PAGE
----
These days, Gleason works in the Hill Medical Center, a few blocks north of the hospital’s downtown campus. She sets up and administers radiation for patients, and although she likes the technical parts of her job, she especially enjoys giving people the best treatment possible. Her patients might come in for 10 or as many as 45 daily treatments, so she has a chance to get to know them.
And she still thinks of that long-ago patient who reminded her of her grandmother. “She gave me recipes she developed,” Gleason recalls, noting she still has some of those recipes displayed on her refrigerator, and she still uses the recipe for buttercream frosting.
She now works with her mother’s oncologist
Nurse practitioner Kristin Soper treats patients with solid tumors. Before that she cared for cancer patients as a registered nurse.
“My mom was diagnosed with colorectal cancer when I was 15. When she was here (at Upstate) getting treatment, I would see her with all the nurses, and she would say, ‘I feel safe here.’ I’d become friends with all the nurses; everybody knew our names. It was kind of like a home away from home for us and inspired me to want to create that for all the patients I take care of,” she says.
Soper was 21 when her mother died, after fighting cancer for 6½ years.
“I knew I wanted to be a nurse as soon as I saw the impact that nurses made on the patients and the family. I felt that I could really touch a lot of lives by doing oncology. The impact is so great that you can make in patients’ lives. It’s an honor and a privilege to take care of people in that vulnerable state.”
Soper works with oncologist Sheila Lemke, MD, who treated her mother. Soper’s mother told Lemke that her daughter wanted to be an oncology nurse. “Now it’s come full circle to work with her,” Soper says.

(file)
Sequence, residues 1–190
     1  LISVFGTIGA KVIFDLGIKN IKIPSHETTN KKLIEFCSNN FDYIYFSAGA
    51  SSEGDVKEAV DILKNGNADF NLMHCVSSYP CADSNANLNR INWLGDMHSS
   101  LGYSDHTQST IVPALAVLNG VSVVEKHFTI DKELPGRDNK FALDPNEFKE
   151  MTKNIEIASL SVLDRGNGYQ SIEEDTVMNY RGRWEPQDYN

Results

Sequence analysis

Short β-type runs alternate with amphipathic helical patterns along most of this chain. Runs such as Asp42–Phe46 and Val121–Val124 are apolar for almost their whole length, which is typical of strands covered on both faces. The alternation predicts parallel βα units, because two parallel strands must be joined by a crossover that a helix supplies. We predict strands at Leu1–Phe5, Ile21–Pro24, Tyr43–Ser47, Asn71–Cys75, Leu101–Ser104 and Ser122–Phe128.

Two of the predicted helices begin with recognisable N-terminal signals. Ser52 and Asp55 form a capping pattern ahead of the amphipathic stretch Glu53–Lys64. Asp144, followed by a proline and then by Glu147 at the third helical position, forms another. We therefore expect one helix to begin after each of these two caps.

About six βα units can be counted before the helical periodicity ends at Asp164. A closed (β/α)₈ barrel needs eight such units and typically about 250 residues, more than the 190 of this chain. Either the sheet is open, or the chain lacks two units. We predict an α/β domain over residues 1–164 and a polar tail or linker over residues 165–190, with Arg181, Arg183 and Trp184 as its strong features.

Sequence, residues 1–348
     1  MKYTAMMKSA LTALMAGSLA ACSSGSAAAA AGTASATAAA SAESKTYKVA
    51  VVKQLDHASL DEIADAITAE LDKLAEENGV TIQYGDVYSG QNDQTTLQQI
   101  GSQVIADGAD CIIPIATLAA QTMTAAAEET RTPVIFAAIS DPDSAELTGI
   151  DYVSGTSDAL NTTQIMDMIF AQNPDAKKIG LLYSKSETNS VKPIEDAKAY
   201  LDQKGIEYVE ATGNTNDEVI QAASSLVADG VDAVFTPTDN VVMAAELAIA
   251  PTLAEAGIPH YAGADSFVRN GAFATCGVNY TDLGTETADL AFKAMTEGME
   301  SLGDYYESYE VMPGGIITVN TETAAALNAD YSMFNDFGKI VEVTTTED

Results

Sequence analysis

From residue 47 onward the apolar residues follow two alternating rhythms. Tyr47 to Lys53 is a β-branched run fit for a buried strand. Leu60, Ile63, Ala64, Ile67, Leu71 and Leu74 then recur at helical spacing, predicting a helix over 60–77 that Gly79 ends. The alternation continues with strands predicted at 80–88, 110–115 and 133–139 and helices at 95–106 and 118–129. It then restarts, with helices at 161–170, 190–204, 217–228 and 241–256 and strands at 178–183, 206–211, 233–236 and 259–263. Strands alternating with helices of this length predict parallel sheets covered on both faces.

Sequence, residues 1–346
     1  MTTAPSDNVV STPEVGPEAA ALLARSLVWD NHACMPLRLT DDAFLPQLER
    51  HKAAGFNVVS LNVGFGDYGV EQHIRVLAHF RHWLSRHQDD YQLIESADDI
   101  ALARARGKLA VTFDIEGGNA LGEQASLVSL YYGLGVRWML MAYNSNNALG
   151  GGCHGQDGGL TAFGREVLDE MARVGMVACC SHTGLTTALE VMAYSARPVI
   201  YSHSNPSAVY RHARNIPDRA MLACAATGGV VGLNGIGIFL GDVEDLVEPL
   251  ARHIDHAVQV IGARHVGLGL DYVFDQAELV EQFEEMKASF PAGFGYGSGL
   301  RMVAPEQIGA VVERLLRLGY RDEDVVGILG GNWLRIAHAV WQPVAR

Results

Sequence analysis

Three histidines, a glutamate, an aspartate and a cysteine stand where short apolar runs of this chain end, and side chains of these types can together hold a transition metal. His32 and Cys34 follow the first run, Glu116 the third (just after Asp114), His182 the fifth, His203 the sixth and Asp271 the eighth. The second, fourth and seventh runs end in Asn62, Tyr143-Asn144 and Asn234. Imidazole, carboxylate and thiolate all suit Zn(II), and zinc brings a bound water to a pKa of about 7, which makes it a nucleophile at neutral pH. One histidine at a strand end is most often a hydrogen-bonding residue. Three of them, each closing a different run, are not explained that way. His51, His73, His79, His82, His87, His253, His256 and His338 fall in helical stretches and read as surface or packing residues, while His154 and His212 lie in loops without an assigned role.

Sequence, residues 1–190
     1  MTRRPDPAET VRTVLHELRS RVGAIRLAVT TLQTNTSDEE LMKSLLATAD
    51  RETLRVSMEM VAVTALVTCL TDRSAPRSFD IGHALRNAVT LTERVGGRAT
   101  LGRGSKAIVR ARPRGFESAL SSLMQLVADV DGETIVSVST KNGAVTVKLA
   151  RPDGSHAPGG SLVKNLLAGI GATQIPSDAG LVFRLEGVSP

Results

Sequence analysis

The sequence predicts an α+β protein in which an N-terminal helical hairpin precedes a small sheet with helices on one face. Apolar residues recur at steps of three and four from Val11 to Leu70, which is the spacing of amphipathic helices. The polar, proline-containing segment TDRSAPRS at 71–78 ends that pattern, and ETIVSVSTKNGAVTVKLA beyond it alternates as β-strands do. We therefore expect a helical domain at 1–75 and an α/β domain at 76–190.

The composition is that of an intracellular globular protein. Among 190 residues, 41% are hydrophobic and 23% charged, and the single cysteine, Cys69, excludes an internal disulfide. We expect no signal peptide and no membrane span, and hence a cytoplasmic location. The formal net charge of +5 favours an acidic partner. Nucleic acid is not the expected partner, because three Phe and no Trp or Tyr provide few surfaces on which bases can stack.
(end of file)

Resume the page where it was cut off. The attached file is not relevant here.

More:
“The most important thing is to be with the patients and make the most impact, so, I try to spend as much time as possible with the patients and their families,” she says. “As providers, we come in and often give the patients difficult news, and we’re there so briefly that I always want to be more than that. I strive to be the person who comes back to pick up the pieces and reinstall hope.”
“A lot of it is explaining what to expect,” she notes. Soper watched her mother seek comfort in the nurses, in knowing the process and in knowing that she was, although dying, still living and still in control of how she dealt with her disease. She tries to provide that comfort and hope for her patients; the same way her mother’s nurses did.
Are you inspired?
Upstate Medical University offers training for a variety of health professions that provide care to people with cancer. Three options:
Nursing –- Earn a bachelor’s degree, or a master’s degree. Upstate also offers a post-master’s program and a doctor of nursing practice degree.
Respiratory therapy –- A 21-month bachelor’s program is designed for those who want to help manage breathing problems caused by illness or injury.
Medical imaging — Bachelor’s programs in medical imaging sciences are five or six semesters. Additional training is available in computer tomography, magnetic resonance imaging and sonography.
Learn more at: upstate.edu/education
This article appears in the spring 2019 issue of Cancer Care magazine.